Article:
The Consolation of Ontology: On the Substantial and Nonsubstantial Models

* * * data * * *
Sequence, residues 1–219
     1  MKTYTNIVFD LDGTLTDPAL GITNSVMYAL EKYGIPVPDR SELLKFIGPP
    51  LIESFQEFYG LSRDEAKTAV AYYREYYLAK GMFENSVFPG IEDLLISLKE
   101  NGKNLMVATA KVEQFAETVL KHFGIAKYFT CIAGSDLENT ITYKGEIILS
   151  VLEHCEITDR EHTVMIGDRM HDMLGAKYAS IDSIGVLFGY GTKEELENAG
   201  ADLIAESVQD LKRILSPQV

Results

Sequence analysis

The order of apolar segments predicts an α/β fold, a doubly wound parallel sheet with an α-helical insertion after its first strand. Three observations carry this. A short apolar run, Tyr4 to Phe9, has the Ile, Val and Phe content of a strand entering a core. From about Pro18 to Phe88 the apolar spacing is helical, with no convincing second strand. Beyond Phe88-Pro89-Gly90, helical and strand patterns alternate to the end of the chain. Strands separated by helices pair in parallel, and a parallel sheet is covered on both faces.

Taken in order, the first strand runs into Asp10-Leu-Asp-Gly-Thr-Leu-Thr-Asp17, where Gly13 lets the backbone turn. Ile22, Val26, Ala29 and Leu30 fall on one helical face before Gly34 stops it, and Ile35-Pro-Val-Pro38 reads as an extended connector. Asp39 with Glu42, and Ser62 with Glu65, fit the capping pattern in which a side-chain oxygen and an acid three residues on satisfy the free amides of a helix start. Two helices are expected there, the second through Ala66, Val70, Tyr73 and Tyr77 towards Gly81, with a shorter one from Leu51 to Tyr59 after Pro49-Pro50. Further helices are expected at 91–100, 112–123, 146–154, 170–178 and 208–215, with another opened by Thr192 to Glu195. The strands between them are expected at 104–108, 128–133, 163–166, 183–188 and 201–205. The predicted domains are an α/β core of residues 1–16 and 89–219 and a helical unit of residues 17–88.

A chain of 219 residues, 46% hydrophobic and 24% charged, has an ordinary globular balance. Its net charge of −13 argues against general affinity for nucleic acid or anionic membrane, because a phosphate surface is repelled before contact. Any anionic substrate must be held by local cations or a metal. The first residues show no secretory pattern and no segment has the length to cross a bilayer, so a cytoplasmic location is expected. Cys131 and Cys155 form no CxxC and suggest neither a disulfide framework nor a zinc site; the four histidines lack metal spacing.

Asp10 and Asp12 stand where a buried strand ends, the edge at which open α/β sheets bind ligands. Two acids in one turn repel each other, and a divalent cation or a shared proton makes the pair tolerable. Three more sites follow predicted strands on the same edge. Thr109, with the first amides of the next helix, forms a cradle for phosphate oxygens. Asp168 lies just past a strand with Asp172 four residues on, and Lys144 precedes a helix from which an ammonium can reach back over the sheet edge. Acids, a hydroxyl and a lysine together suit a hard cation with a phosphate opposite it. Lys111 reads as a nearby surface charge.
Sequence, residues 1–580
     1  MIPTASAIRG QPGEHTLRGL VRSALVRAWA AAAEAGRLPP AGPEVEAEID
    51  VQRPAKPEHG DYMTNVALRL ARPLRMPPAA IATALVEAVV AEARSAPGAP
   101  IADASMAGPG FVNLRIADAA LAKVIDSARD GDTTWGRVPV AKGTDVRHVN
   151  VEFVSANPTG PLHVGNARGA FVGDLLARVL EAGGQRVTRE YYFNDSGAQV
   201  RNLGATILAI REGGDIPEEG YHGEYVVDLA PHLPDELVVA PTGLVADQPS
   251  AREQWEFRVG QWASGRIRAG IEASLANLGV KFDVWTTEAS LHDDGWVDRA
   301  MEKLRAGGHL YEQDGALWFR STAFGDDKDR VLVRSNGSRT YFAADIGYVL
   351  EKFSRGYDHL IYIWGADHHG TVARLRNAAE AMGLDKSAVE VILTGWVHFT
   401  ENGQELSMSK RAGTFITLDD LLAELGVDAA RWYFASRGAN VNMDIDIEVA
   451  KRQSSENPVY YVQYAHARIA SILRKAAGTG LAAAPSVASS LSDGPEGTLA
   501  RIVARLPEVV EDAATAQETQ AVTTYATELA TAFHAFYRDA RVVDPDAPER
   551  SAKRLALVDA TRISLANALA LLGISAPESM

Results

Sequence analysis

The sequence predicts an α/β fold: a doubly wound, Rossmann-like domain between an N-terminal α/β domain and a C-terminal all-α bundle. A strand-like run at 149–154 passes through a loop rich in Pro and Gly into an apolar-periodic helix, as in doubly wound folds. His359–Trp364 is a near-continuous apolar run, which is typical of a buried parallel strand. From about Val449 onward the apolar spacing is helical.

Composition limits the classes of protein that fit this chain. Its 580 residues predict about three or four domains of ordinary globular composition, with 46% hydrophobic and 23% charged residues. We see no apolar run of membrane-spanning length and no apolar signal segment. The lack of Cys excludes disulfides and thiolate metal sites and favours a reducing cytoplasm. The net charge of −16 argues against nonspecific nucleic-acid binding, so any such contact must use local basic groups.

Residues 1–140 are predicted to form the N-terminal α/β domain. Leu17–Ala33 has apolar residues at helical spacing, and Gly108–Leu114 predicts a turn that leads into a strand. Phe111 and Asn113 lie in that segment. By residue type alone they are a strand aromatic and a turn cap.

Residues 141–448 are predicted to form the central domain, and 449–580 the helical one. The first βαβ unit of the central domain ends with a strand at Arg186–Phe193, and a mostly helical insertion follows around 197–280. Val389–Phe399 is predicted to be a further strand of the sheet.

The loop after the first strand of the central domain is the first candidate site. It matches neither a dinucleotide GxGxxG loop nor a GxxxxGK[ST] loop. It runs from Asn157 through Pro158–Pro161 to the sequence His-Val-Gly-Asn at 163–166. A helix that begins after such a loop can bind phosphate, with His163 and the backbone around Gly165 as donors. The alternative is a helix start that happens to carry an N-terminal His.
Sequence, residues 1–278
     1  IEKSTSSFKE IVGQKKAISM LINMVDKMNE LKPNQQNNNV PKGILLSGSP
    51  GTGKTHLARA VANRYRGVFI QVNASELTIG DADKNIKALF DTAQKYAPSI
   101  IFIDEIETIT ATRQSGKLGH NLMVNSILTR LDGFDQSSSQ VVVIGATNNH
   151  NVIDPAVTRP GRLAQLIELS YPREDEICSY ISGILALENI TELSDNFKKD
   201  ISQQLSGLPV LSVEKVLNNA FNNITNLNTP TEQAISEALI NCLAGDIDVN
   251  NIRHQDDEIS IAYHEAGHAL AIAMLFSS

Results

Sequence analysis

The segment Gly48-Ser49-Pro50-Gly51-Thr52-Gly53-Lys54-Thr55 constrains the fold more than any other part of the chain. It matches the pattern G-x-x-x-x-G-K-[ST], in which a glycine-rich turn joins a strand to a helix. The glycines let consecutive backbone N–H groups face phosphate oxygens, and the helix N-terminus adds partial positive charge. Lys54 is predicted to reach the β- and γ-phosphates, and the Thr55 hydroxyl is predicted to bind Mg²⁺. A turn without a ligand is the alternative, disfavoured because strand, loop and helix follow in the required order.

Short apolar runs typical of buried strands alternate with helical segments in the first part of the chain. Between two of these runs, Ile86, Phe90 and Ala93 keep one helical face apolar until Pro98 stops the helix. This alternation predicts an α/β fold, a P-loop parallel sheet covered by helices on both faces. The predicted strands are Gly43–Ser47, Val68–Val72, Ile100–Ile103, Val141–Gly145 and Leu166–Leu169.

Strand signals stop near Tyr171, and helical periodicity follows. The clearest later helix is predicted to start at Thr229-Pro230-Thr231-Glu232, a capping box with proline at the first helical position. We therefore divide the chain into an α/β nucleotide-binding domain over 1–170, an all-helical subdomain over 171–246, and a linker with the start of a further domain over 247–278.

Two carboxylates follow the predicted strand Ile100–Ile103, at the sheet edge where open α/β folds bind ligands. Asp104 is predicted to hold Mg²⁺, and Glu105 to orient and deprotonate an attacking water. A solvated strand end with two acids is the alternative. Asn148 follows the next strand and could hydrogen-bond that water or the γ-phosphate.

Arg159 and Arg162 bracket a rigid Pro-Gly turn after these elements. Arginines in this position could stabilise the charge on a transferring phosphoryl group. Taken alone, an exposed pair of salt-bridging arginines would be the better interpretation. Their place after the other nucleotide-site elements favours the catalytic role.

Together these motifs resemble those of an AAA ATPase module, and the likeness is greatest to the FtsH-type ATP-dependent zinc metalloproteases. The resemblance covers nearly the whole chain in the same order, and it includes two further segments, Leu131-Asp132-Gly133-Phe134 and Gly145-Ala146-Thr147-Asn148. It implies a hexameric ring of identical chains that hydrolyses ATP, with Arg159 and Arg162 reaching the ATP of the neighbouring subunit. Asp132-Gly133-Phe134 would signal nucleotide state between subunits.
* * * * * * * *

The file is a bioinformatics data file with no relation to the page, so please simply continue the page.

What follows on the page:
In the Consolation of Ontology, Czech poet-philosopher Egon Bondy examines the substantial model of reality -- the notion that there is some sort of substance, some "thing", idea, being, or principle that creates, underlies, transcends, or gives meaning to the universe in which we live. He shows how the substantial model, in both its theistic and mechanical materialist versions, is logically untenable and dangerous in its consequences. From there, Bondy shows how the nonsubstantial alternative -- prefigured in the thinking of cultures that developed independently of Greece -- is simpler and more logically consistent. More importantly, it is free from the negative consequences of the substantial model and instead opens the way toward genuine human freedom, creativity, and responsibility, toward a corresponding and supportive form of social organization, and toward an unclouded understanding of ontological reality. Previously untranslated, the book asks that we leave behind comfortable assumptions and understand how the struggles for a genuinely human future and for ontological clarity presuppose each other and are mutually interdependent.
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